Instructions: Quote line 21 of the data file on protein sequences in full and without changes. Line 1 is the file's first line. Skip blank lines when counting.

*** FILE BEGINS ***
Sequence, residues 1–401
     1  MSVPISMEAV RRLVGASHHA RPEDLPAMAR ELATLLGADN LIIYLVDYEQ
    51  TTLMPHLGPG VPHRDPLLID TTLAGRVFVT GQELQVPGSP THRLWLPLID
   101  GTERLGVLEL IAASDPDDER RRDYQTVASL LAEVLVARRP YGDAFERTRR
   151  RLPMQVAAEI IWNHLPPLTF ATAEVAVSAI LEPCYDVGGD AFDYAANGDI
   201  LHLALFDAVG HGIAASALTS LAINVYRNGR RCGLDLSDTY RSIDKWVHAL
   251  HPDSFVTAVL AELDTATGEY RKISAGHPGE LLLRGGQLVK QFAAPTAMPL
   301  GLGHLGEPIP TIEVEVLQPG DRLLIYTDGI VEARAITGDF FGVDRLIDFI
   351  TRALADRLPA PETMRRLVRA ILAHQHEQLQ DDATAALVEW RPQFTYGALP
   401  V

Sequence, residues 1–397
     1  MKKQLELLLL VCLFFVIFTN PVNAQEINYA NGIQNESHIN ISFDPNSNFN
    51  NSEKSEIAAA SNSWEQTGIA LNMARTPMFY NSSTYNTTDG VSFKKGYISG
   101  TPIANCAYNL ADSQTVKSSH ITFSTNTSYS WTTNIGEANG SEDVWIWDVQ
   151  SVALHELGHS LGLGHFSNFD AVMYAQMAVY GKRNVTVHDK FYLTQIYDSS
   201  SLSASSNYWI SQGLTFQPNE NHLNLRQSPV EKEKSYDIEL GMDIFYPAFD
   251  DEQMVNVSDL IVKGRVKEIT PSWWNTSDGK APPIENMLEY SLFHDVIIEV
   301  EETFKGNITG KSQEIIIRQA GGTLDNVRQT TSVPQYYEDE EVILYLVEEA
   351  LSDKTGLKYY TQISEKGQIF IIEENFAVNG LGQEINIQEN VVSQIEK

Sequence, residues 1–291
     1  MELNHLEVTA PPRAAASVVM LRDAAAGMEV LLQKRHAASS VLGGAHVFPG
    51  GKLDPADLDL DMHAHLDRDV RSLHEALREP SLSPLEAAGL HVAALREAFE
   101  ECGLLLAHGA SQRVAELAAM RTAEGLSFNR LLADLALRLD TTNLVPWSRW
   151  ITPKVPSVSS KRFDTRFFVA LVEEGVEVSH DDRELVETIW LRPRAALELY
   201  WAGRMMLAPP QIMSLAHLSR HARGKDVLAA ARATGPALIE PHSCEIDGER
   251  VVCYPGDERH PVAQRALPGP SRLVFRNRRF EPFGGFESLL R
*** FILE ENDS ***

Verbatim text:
     1  MELNHLEVTA PPRAAASVVM LRDAAAGMEV LLQKRHAASS VLGGAHVFPG